HBO Real Sports with Bryant Gumbel’s heavily promoted and much anticipated examination of Deshaun Watson’s legal mess involving alleged sexual misconduct shed little new light and merely presented a summary of well worn he said/she (x22) said accusations and denials.

The episode debuted Tuesday night on the premium cable service and will be repeated dozens of times throughout the week on HBO’s platforms. Check your local listings for times and channel.

The segment was hosted by Soledad O’Brien who presented compelling face-to-face interviews with two of the quarterback’s accusers: massage therapists Ashley Solis and Kyla Hayes. Their stories were detailed and graphic. Both cried during the interviews.

Solis: “As I’m working, he deliberately grabs himself and put his penis on my hand. I pulled my hand away instantly and I started crying. I told that I’m done. I don’t want to do this anymore.”

Solis said she felt threatened when Watson, before leaving the session, allegedly told her: “I know you have a career to protect, and I know that you don’t want anyone messing with it, just like I don’t want anyone messing with mine.”

Solis added, “That’s when I got really scared because that sounded like a threat to me.”

Hayes: “He wanted me to kind of make a V motion in his pelvic area. I just kept massaging and did what he asked, until his penis kept touching me repeatedly as I did it.”

Hayes said that Watson had an orgasm, which she said was “mortifying, embarrassing and disgusting.”

O’Brien asked Hayes why she continued to have contact via email with Watson after their encounter.

Hayes: "I wasn't sure what he was capable of. He could've physically assaulted me. He could've bashed my business, so I had to protect myself and my business the best way I saw fit. Did I ever see him again after that? No. Did I give him the runaround? Yes."

O’Brien pointed out that two separate grand juries in Texas heard criminal accusations against Watson and neither found enough evidence to indict him.

Solis and Hayes, and 20 other massage therapists have filed civil suits against Watson. The cases aren’t expected to reach a courtroom until next March. Both sides could reach a settlement before then which would effectively shut down any legal action against Watson. However, both sides say they aren’t interested in any pretrial settlements. That’s what they say now, anyway.

After being banished to the sidelines for the 2021 season by the Houston Texans, Watson signed a historic, 5-year fully guaranteed $230 million contract with the Cleveland Browns.

Hayes said she feels Watson “is being rewarded for bad behavior." Solis said, "It's just like a big screw you. That's what it feels like. That we (the Browns) don't care. He can run and throw, and that's what we care about.”

Watson currently is participating in preseason workouts with the Browns and, at the moment, is cleared to play the upcoming NFL season.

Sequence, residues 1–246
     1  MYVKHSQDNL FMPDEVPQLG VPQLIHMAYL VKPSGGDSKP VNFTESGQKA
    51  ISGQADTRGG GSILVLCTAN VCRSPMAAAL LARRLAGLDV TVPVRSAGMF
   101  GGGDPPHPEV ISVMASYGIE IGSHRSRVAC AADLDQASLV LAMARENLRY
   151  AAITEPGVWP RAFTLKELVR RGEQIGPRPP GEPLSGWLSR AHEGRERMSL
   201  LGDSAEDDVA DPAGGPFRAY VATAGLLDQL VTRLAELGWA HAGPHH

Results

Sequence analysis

That is unless the NFL suspends Watson for some, most or all of the 2022 season. NFL commissioner Roger Goodell has said the league is nearing completion of its independent investigation into Watson’s case and will reach a decision “shortly,” probably this summer. The NFL and NFL Players Association mutually agreed to have former U.S. District Judge Sue Robinson decide whether or not Watson violated the league’s Personal Conduct Policy and what discipline should be handed down if he did.

The Browns are scheduled to play the Texans on Dec. 4 at NRG Stadium in Houston.

O’Brien said, while producing the Real Sports piece, she tried to interview Watson, his attorneys and the Cleveland Browns for their side of the story. All declined.

During a press conference in March to announce his joining the Browns, Watson denied any inappropriate behavior with the massage therapists.

Watson: “I never assaulted any woman. I’ve never disrespected any woman. I was raised to be genuine and respect everyone around me. I’ve never done the thing that these people are alleging. My mom and my aunties didn’t raise me that way.”

Leah Graham, a member of Watson’s legal team, sat for an interview after O’Brien’s segment was complete.

Graham: "It's 22 women. It's one lawyer. There's only one lawyer who was willing to take these cases. And as we know from Ashley Solis’ deposition, Mr. (Houston attorney Tony) Buzbee was not the first, probably not the second or third lawyer she went to, but he was the only one to take her case. Why? Not because it had merit, but because he would use these cases to increase his social media following and quite frankly to get on shows like this one.”

My reaction after watching the Real Sports segment? We weren’t in the room when the massage therapists worked on Watson. We weren’t in the grand jury room when evidence against Watson was presented. We don’t know what happened. We don’t know what will happen if these cases go to trial.

Until then all we have is one big, lurid, embarrassing mess. In American courtrooms, defendants are presumed innocent. That’s often the opposite in the court of public opinion. We’ll just have to wait while the wheels of justice grind painfully slow.